Like every NBA team, their in-person scouting plans came to a screeching halt in early March, and they’ve been hamstrung in their preparations since. There have been video workout sessions they can view and cyber meetings to learn something about the personalities of possible selections, but no face-to-face interaction.
The NBA has set up a virtual scouting combine that includes some in-person workouts with trainers through October, but how much value that would have in debatable. And whether the Raptors would even keep their pick — No. 29 — is also uncertain. Using it in a trade package might make sense but, again, the unknown financial situation makes that difficult.
Most draft-night trades are centred on current players or contingent on the following season’s salary cap and until those things are clear, teams are limited in what they can do.
But all of that pales in comparison with the simple fact that no one knows when — or officially if — a 2021 season is in the picture. Commissioner Adam Silver said this week that he doesn’t expect games to be played until January, and the league’s dream is to have 30 teams playing in their home arenas. No one knows if that will ultimately be possible or how many people might be in whatever arenas they use.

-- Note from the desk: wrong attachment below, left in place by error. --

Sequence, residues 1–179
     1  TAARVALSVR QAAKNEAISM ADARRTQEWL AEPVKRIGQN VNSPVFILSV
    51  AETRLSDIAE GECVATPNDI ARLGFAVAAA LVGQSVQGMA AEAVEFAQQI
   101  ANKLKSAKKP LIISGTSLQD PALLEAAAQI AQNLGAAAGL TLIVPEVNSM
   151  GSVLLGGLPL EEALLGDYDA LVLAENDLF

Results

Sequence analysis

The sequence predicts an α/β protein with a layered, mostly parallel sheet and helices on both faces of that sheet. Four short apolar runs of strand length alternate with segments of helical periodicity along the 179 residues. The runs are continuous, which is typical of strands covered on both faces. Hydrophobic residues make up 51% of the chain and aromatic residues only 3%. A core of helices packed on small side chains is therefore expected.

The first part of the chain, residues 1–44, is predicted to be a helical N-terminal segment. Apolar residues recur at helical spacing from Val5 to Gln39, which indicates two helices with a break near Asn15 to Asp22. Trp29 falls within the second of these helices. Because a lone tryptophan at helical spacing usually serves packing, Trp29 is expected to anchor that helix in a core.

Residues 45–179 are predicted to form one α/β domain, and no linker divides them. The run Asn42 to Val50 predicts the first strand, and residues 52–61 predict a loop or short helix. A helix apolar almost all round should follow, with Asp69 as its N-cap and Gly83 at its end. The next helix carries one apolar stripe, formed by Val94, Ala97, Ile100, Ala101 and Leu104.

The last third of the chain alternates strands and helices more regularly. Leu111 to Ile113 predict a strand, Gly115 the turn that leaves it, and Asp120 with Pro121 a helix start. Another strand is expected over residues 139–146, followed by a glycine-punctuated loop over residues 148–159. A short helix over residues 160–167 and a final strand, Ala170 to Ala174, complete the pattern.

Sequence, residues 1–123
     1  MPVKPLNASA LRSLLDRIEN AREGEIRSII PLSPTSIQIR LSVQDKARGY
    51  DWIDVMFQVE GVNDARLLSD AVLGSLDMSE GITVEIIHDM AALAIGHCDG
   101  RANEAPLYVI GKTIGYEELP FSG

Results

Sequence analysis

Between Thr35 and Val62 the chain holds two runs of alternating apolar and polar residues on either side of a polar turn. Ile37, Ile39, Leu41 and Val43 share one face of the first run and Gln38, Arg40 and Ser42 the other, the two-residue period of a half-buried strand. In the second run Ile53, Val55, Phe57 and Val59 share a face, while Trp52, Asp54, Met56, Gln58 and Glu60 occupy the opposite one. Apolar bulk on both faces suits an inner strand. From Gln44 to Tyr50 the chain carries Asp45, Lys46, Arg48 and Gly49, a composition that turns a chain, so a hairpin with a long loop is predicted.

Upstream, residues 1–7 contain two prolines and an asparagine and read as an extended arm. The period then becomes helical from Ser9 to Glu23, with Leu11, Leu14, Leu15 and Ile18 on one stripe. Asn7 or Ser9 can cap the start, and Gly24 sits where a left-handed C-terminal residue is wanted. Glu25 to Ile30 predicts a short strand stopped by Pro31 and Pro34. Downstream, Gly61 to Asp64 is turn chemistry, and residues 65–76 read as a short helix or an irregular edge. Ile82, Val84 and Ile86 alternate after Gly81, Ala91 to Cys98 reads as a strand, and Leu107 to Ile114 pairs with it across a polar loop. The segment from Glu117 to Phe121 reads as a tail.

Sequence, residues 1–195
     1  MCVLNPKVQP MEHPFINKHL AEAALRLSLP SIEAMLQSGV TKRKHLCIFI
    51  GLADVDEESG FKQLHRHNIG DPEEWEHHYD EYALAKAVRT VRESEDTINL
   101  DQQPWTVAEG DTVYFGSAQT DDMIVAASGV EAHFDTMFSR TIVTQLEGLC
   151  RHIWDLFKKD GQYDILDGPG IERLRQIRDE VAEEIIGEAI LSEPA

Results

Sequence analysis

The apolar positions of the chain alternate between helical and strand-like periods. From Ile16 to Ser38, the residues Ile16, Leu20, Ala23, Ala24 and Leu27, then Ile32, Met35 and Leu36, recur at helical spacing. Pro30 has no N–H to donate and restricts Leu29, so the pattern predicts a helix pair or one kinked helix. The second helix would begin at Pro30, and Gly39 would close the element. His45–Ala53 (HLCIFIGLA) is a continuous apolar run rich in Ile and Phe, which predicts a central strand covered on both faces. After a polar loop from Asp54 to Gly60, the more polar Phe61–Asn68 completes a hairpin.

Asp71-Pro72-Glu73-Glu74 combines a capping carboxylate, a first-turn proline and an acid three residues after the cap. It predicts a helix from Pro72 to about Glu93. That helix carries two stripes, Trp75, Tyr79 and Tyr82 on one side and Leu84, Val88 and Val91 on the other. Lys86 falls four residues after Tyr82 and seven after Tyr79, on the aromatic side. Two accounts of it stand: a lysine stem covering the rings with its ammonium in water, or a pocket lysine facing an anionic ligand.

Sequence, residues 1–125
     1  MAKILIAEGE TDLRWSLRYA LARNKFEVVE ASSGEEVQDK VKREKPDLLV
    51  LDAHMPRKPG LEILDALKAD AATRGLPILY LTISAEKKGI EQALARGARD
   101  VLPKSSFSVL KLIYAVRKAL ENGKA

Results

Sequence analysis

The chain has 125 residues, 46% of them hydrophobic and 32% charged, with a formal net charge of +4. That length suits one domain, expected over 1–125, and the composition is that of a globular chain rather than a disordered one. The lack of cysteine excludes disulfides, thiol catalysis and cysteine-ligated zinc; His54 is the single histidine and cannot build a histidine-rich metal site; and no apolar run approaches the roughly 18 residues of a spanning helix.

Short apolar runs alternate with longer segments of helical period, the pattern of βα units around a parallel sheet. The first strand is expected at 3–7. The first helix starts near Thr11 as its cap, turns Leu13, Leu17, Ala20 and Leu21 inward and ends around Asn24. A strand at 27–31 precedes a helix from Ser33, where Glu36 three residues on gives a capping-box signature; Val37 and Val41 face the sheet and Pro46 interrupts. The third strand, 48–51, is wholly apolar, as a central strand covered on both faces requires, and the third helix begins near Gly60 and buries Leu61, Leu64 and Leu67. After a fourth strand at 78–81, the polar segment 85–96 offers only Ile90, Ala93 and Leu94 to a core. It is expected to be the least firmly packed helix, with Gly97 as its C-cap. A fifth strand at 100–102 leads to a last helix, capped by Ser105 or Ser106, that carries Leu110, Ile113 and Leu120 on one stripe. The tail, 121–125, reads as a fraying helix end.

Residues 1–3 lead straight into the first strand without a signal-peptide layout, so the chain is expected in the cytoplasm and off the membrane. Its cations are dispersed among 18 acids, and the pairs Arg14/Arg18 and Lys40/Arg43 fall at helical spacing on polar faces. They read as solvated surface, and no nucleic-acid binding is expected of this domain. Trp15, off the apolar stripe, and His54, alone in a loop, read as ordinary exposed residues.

“That’s one thing I am praying and hoping (for), just like everyone else, that we can get back to normal,” Ujiri said. “I want to play with fans. I want us to figure this out. This pandemic is serious. We know there could be a second wave coming … for me, it is a priority for us to figure out how to get our fans involved and how to figure this out going forward.
“I know the NBA is grinding on this as much as they possibly can. Yes, I continue to be optimistic.”